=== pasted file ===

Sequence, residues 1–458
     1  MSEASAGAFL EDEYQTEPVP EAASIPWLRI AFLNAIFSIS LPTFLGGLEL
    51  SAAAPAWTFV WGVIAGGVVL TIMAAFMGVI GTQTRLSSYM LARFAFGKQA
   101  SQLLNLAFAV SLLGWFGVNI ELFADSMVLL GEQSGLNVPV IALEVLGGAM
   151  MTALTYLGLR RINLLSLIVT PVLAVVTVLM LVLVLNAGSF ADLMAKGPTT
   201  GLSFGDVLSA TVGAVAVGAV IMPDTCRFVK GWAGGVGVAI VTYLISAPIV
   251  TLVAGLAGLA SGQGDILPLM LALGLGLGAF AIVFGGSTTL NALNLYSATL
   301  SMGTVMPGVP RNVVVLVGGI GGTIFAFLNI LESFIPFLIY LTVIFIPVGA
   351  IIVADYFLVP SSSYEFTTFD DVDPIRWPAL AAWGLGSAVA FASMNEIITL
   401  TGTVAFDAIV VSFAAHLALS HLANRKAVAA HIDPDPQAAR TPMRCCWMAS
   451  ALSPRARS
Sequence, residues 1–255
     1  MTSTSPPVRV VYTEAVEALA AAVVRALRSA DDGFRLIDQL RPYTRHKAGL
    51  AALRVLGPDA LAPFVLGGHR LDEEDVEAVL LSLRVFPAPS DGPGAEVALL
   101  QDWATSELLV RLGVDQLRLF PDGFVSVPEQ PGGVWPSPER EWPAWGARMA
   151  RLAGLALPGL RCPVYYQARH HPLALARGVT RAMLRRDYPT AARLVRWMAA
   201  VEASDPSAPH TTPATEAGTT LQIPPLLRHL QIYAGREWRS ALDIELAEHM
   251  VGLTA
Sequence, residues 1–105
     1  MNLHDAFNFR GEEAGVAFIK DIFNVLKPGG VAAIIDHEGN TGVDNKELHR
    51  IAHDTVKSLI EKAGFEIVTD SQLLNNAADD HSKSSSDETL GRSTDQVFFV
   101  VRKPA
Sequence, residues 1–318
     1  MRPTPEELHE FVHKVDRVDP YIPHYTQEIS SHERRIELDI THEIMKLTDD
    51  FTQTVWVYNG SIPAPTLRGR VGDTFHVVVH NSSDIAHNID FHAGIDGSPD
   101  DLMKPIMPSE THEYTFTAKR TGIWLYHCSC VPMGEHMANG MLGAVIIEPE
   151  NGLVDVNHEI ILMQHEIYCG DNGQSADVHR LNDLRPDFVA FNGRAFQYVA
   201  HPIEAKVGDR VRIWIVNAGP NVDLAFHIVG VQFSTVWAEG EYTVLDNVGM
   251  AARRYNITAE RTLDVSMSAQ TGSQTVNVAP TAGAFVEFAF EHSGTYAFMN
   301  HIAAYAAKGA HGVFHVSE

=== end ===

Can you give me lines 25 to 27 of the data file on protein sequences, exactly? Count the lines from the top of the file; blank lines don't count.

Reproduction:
    51  FTQTVWVYNG SIPAPTLRGR VGDTFHVVVH NSSDIAHNID FHAGIDGSPD
   101  DLMKPIMPSE THEYTFTAKR TGIWLYHCSC VPMGEHMANG MLGAVIIEPE
   151  NGLVDVNHEI ILMQHEIYCG DNGQSADVHR LNDLRPDFVA FNGRAFQYVA